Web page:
Construction participation in class including preparation for weekly classes and in-class progress 10 1 P.1
Construction research journal demonstrates accuracy, rigor and care including important notes, sourced images and samples for weekly tasks. 20 3 R.4
Completed 'Fashion Box Top demonstrates your ability to translate foundational construction skills, into a quality garment outcome, with care taken for how it is presented. 20 4 P.5
SLOs: subject learning objectives
CILOs: course intended learning outcomes

Minimum requirements

Minimum 80% class attendance is required.

Recommended texts

You may find any or all of these texts helpful. They are in the UTS Library.

Aldrich, W. 2008, Metric Pattern Cutting for Women's Wear, 5th ed., Blackwell Publishing, Oxford

Aldrich, C. 2007, Fabric, Form and Flat Pattern Cutting, 2nd ed., Blackwell Publishing, Oxford

Assembil, How Patterns Work: The Fundamental Principles of Patternmaking & Sewing in Fashion Design

Barnfield, J. & Richards, A. 2012, Pattern Cutting Primer, Bloomsbury, London

Cole, J. & Czachor, S. 2009, Professional Sewing Techniques for Designers, Fairchild Books, New York

Fischer, A. 2009, Basics: Fashion Design 03: Construction, AVA Publishing, Switzerland.
Liechty, E. Pottberg, D. Rasband, J. 2006, Fitting & Pattern Alteration: A Multi-Method Approach, Fairfield Fashion & Merchandising Group, New York.
McKelvey, K. 2006, Fashion Source Book, 2nd ed., Blackwell Science.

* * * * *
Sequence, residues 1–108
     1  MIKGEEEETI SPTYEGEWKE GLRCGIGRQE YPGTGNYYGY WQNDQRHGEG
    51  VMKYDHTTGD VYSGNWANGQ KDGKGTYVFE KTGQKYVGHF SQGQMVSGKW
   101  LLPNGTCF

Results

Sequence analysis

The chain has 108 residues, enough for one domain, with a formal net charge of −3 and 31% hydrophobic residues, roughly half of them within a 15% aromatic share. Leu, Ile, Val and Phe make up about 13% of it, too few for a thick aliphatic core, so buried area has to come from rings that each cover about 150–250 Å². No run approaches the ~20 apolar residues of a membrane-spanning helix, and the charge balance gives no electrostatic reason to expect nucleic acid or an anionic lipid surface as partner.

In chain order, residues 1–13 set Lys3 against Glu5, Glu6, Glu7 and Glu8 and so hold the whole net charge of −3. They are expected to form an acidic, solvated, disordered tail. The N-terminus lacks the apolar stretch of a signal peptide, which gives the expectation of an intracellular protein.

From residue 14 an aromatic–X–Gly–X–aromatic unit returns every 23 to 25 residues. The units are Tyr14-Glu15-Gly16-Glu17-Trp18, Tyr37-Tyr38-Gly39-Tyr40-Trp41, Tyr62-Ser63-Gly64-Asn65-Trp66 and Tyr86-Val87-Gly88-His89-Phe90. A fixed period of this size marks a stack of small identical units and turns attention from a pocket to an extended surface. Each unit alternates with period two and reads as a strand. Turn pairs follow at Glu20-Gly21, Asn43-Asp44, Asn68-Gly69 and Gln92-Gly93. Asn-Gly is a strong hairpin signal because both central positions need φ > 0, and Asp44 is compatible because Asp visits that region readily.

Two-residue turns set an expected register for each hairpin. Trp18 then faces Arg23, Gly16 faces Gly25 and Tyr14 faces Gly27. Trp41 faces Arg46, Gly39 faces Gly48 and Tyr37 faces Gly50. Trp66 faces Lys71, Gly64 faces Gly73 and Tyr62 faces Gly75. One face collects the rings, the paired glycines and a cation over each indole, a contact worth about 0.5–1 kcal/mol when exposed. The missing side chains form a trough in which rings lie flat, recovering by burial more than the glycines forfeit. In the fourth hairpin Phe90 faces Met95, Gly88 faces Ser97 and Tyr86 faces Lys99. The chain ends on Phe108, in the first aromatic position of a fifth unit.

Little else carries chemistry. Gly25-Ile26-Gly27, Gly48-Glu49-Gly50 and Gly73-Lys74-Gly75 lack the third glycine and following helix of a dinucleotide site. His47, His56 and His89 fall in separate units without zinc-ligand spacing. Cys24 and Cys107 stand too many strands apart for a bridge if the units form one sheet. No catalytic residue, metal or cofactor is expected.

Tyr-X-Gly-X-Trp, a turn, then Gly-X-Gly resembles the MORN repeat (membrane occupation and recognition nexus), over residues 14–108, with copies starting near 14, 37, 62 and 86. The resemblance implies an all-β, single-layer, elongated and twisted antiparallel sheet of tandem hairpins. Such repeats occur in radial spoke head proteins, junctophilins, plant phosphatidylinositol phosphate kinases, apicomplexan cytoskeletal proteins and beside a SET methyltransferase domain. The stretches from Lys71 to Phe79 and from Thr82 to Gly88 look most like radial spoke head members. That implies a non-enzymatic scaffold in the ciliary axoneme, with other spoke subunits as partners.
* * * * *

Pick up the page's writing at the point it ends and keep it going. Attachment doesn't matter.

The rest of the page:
Shaeffer, C. 2001, Sewing for the Apparel Industry, Prentice Hill, New Jersey
Shaeffer, C.B. 2001, The Couture Sewing Techniques, Taunton Press.
Singer, 2009, The Complete Photo Guide to Sewing, Creative Publishing International, Minneapolis
Skills Institute Press, Illustrated Guide to Sewing: A Complete Course on Making Clothing for Fit and Fashion, Fox Chapel Publishing, East Petersburg.
Smith, A. 2009, The Sewing Book, DK Publishing, New York
Sorger, R. & Udale, J. 2006, The Fundamentals of Fashion Design, AVA Publishing, Switzerland
Stecker, P. 2009, The Fashion Design Manual 2, Palgrave Macmillan, South Yarra.
Szkutnicka, B. 2010, Technical Drawing for Fashion, Laurence King Publishing Ltd, London.

Visit: https://createspace.com/4128493
Order for Kindle or iPad If you would prefer to purchase a digital version of the book for Kindle or iPad you will find links to these versions via our website: www.assembil.com

References

WEB RESOURCES USED IN THIS SUBJECT

VOGUE RUNWAY http://www.vogue.com/fashion-shows

THE CUTTING CLASS
http://thecuttingclass.com

UTS FASHION VIDEOS
https://vimeo.com/utsfashion/videos

Other resources are advised as necessary, via UTSOnline and emai